He wants to stay on until the next elections, which even he now acknowledges should be sped up from their scheduled date in September. I’m … reasonably sure that’s a non-starter for everyone at this point. So why even propose it? Four possibilities. One: Losing control has led him to lose touch with reality, i.e. he sincerely believes he can hold on. Two: The pride borne of 30 years of absolute power means he’s not leaving on anyone’s terms but his own. Three: It’s worth a shot, no? The protesters are almost certain to reject the idea, but if you’re down by three touchdowns with a minute to play, why not go for the end zone and see what happens? Maybe enough of them will find this a palatable compromise that the crowds will shrink and eventually lose steam. Four: He wanted to screw Obama after the U.S. started nudging him towards the exit. Mubarak surely understands that The One is in a bind, not wanting to shove him too hard lest the Saudis and Jordanians get even more nervous about the White House’s commitment to them. Now that he’s offered a “reasonable solution” — one which follows the advice leaked by the White House to the press — isn’t Obama required to support him?

“I have spent enough time serving Egypt,” he said.

Earlier, President Barack Obama told the Egyptian leader through a special envoy not to run again, according to American diplomats…

“In all sincerity, regardless of the current circumstances, I never intended to be a candidate for another term,” Mubarak said…

“This is my country. This is where I lived, I fought and defended its land, sovereignty and interests, and I will die on its soil,” he said.

He also said pledged to implement a series of reforms, including calling on the judiciary to combat corruption, one of the complaints of protesters…

Mubarak wanted to stay in office and continue to make small changes, touting them as progress, a senior U.S. official told NBC News, but [White House envoy Frank] Wisner reinforced the point that the Egyptian president cannot hold on until the next election.

That last bit jibes with what Jackson Diehl of WaPo claimed earlier on Twitter, that Mubarak flatly told Wisner that he won’t quit. A really good question posed by Max Boot at Commentary: Why on earth did Obama urge Mubarak to declare he won’t run again rather than to leave ASAP? I get that the White House is trying to signal to other Arab regimes that we won’t turn on an ally completely, even under intense pressure, but no one seriously believes this new proposal will satisfy the protesters. If Mubarak ends up being deposed or fleeing in terror in the next few days anyway, it’ll make Obama’s demand look lame and ridiculous. Boot:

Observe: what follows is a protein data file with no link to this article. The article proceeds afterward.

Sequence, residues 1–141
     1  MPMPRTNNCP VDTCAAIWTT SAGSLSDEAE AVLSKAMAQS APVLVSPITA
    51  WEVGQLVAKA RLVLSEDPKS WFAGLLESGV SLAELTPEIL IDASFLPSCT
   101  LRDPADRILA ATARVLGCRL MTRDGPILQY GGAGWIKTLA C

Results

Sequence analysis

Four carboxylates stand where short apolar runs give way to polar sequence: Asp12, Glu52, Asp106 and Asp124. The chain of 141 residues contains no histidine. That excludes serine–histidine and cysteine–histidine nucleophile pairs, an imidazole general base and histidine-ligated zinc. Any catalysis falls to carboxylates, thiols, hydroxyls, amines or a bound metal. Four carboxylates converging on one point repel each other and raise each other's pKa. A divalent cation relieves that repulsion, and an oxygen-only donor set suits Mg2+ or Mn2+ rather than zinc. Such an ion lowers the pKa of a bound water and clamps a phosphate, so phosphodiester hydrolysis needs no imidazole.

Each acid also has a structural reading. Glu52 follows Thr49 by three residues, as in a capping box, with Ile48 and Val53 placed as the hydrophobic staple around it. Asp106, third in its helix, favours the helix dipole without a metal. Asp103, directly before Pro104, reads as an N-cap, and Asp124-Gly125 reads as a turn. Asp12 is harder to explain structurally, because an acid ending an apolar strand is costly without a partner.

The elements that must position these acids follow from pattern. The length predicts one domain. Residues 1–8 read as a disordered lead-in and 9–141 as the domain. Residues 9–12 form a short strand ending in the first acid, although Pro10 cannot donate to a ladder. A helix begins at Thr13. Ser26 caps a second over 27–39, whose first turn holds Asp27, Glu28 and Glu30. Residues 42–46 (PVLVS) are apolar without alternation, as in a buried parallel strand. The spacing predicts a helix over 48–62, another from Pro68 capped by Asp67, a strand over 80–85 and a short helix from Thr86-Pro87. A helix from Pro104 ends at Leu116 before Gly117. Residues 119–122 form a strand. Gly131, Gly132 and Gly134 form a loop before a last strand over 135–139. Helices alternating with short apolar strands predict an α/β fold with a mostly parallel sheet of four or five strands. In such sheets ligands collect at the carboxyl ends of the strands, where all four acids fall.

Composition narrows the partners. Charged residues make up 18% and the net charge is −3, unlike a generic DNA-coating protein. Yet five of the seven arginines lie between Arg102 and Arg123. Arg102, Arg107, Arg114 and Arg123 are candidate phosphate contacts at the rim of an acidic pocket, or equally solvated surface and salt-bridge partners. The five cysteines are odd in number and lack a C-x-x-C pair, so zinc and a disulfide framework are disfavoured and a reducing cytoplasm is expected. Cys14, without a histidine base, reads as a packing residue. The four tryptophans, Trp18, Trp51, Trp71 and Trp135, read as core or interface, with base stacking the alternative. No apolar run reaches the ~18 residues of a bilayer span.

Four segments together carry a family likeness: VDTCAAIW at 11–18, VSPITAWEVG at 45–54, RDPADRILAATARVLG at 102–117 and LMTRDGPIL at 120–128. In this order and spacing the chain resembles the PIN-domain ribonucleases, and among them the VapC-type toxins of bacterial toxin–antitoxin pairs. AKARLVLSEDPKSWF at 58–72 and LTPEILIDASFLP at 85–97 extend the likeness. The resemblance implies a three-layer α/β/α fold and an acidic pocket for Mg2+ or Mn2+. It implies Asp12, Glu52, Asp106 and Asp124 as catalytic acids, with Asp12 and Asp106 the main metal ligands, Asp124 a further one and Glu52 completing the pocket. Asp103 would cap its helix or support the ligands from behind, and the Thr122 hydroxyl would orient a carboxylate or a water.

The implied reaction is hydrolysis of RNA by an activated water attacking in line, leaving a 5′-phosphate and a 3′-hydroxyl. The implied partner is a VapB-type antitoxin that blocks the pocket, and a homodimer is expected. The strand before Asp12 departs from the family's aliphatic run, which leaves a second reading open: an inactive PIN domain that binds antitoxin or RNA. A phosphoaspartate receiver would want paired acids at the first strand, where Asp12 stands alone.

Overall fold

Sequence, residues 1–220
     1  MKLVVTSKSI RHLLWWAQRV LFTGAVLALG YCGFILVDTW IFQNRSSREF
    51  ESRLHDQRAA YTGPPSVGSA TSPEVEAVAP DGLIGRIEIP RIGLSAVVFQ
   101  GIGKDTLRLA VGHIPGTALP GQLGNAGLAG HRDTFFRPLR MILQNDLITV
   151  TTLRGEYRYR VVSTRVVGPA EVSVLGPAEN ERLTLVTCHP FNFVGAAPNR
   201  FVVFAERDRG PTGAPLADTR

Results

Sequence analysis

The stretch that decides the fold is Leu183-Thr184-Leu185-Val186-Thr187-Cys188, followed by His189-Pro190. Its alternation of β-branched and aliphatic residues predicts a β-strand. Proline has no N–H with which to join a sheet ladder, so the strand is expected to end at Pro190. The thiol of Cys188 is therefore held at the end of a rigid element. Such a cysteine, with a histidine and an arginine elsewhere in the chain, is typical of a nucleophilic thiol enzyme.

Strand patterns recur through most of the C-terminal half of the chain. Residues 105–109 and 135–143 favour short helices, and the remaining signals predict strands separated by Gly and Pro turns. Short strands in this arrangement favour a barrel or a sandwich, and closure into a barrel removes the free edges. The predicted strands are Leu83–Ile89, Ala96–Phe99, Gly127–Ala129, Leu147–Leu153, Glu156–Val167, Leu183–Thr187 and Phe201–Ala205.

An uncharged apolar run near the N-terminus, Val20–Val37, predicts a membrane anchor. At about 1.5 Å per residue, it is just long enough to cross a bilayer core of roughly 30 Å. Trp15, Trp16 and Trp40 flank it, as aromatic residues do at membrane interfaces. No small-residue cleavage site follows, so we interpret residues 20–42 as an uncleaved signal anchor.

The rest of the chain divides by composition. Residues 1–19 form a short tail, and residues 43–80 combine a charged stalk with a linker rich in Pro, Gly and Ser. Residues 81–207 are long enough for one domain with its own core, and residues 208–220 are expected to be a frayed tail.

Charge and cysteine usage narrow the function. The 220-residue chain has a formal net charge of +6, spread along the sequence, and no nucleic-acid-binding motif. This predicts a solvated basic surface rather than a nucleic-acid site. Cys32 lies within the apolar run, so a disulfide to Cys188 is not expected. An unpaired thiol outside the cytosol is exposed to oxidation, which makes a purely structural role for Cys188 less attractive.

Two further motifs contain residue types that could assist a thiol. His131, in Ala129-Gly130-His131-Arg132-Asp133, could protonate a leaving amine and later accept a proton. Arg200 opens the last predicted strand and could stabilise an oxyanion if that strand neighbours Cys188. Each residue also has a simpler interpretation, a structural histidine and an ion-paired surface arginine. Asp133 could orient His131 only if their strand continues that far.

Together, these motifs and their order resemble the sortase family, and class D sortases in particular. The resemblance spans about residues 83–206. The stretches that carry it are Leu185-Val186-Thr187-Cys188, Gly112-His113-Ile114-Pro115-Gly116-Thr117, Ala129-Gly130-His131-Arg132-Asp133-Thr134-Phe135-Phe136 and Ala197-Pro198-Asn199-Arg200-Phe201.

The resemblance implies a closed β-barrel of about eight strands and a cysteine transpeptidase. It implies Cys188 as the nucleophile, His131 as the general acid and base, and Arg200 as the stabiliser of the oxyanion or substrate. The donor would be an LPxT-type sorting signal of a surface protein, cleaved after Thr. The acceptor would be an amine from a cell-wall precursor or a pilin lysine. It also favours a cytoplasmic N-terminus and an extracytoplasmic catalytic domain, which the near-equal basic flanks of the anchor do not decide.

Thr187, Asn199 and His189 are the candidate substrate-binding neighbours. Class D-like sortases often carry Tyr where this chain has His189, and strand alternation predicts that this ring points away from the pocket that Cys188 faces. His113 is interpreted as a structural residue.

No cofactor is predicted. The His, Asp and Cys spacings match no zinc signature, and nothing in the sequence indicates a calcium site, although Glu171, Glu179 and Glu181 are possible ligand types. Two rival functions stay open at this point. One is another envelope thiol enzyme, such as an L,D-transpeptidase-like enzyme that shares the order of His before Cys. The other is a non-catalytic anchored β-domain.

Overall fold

[D]oes Obama really think that the vast throngs filling the streets of Cairo will stand for Mubarak remaining in office until September? That would have been a good demand to deliver a few months, weeks, or even days ago. Now it’s been overtaken by events. Clearly nothing will satisfy the demonstrators other than Mubarak’s removal from office.

The question is what comes next: who makes up the transitional government? One hopes that, behind the scenes, this question is consuming the administration and its best experts on Egypt, and that they are fruitfully engaging not only with the opposition but also with the army, which remains the most powerful power broker in the country. Liberal democrats are in a race with the Muslim Brotherhood to control Egypt’s destiny. We need to help them. We need to get ahead of the curve. For once.

Protest organizers met yesterday and vowed that they’d make no concessions in negotiating with new VP Omar Suleiman until Mubarak was gone, and if you believe the Muslim Brotherhood, there are already talks between the military and the opposition to push him out. Since the army’s sworn not to use force against the protesters and the Egyptian economy is crumbling from eight days of paralysis, I assume there are no options left realistically except a military coup sooner rather than later followed by some sort of transitional power-sharing agreement between Suleiman and the opposition. ElBaradei’s allies claim he’s been talking to the army too about possibly being named interim president.

Exit question: What’s our next move? Start pushing Mubarak to enact specific reforms, and if he doesn’t, use that as a pretext to formally abandon him? Knowing he’s a dead man walking, the White House must be desperate for reasons to dump this guy quickly and salvage whatever tiny bit of goodwill still remains among protesters. Presumably, unless he does everything we ask of him going forward, there’s going to be some sort of reckoning.

Update: Bad moon rising: Al Jazeera English is reporting clashes between pro- and anti-Mubarak protesters in Alexandria, with shots being fired. The hot rumor over the weekend was that Mubarak had ordered state police off the street in hopes that the resulting chaos would keep protesters at home this week. That didn’t happen, so maybe we’re at stage two of that strategy now — out-and-out attacks on protesters, with the army forced to choose between standing by or firing on the instigators.

Or maybe Mubarak has nothing to do with this and it’s just tensions in the street boiling over. Stay tuned.

Update: We won’t have to wait long to find out whether the Mubarak “I’m staying until elections” plan is still acceptable to Obama. Tapper’s reporting on Twitter that he’ll speak within the next hour or so.